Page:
There's really nothing quite like Letterkenny, and it's exactly smart/dumb enough to make fantastic comedy. Two seven-episode seasons are currently available on Hulu.

      6 votes
    3. Link to Google doc: https://docs.google.com/spreadsheets/d/1Hc-Ti6Pff_qUZLAfzzL7WjhFNh2m_XPvMkdYBL6mLzI/edit?usp=sharing I created this document a while back and update it every couple months....

      Link to Google doc: https://docs.google.com/spreadsheets/d/1Hc-Ti6Pff_qUZLAfzzL7WjhFNh2m_XPvMkdYBL6mLzI/edit?usp=sharing

      I created this document a while back and update it every couple months. There's an Introduction tab with guidance on how to browse the spreadsheets, which I've copied below for reference:

      (1) This document outlines various TV shows and is broken up into 3 tabs: Watched, Watching, and Want to Watch.

      Watched: Shows I've completed through series finale or given up on. Some of these were canceled early.

      Watching: Shows I'm actively watching day-to-day or shows in between seasons that will air new episodes in the future.

      Want to Watch: Shows I haven't started and want to watch. Many of them are recommendations I jotted down to avoid forgetting, so this list will sometimes be unalphabetized.

      (2) Certain columns of information were exported directly from IMDB, and the page for each show is linked in the rating from the IMDB column.

      (3) On the Watched and Watching tabs, there are columns for Recommend? and Notes to provide background that will help decide what to watch. Don't let any of my negative comments stop you from watching a show you're interested in.

      (4) The Recommended? column is divided into the following categories: Must Watch, Yes, Maybe, No. These are all based on personal opinion with extra discussion/information in the Notes column.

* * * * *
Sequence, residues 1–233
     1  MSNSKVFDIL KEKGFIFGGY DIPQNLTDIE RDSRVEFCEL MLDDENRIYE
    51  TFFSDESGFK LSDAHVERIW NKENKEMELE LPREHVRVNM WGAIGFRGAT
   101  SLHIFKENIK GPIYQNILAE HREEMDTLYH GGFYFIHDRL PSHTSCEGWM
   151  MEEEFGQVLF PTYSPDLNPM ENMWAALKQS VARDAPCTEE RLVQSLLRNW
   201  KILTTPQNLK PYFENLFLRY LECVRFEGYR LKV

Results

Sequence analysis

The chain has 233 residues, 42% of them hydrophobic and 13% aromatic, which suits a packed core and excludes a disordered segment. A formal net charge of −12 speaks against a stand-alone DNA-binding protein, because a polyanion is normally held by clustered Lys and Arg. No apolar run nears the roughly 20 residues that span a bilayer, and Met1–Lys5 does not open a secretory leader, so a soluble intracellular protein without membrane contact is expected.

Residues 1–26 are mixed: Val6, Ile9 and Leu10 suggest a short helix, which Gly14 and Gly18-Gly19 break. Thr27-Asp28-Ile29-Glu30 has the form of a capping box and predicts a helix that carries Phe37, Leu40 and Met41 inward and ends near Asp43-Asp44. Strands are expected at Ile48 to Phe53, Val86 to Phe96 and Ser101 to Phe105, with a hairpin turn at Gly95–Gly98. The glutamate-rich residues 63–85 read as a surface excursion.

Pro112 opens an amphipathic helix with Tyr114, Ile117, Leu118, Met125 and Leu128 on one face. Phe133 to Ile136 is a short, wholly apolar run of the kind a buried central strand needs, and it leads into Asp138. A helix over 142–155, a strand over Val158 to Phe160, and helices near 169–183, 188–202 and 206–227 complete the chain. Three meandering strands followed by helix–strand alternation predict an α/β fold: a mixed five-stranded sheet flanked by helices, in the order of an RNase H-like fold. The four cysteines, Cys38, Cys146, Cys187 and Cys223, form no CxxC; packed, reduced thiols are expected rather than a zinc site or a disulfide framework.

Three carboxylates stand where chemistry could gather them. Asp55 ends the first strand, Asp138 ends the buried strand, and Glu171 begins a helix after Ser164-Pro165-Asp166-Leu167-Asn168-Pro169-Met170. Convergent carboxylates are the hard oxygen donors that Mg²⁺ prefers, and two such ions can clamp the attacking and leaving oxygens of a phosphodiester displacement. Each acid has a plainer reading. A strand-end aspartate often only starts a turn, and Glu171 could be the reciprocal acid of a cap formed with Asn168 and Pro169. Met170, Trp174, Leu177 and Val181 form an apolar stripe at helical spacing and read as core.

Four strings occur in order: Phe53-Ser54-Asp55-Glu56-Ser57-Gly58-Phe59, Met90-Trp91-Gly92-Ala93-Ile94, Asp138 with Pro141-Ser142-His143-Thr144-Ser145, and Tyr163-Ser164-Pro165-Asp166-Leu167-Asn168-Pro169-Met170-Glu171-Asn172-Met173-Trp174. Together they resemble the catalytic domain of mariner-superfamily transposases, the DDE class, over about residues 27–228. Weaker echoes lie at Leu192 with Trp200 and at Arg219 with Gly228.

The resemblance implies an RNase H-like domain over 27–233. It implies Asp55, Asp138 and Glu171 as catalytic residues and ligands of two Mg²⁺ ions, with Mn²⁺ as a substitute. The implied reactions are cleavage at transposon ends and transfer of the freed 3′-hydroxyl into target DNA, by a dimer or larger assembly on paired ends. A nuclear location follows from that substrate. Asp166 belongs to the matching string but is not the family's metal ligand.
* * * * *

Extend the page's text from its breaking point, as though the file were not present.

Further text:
(5) I've shared this with most people using View Only permissions, so download the Excel file (or copy to your Drive account) to filter columns by genre, rating, and personal recommendation.


      Disclaimer: not everyone will have the same tastes as me - that's okay. I welcome any disagreement about how I've rated shows and hope to get some discussion going.

      • What shows have I missed that I need to watch?

      • What shows did I strongly recommend that you didn't like?

      • What shows did I give up on too early?

      I expect to take some heat for quitting Brooklyn 99 around season 3.

      • What shows haven't come out that I should keep an eye out for?

      Like Jack Ryan which debuts this month.

      • How can I improve the document?

      I considered including a column with the show's network or where it can be legally streamed, but this is pretty tedious given the nature of broadcast rights.

      35 votes
    4. For me, its Arrested Development and South Park. I love AD for its meta-humour and inside jokes. However, I liked only the first three seasons. Here is a great video explaining what makes AD...

      For me, its Arrested Development and South Park. I love AD for its meta-humour and inside jokes. However, I liked only the first three seasons. Here is a great video explaining what makes AD different. South Park for great satire and taking the humourous approach on complex topics. This video explains better than I could.

      So, which are your favorite comedy tv shows and why do you recommend them?

      18 votes
    5. It's a good time to have Netflix if you need some quirky original comedy in your life. Both seasons look like they'll be split in half, which means we'll have more to look forward to later in the...

      It's a good time to have Netflix if you need some quirky original comedy in your life.

      Both seasons look like they'll be split in half, which means we'll have more to look forward to later in the year too!

      Only sad thing is that it looks like this'll be the last season of Kimmy and who knows about more AD - but let's not be sad, let's be happy that we are getting what we are!

      5 votes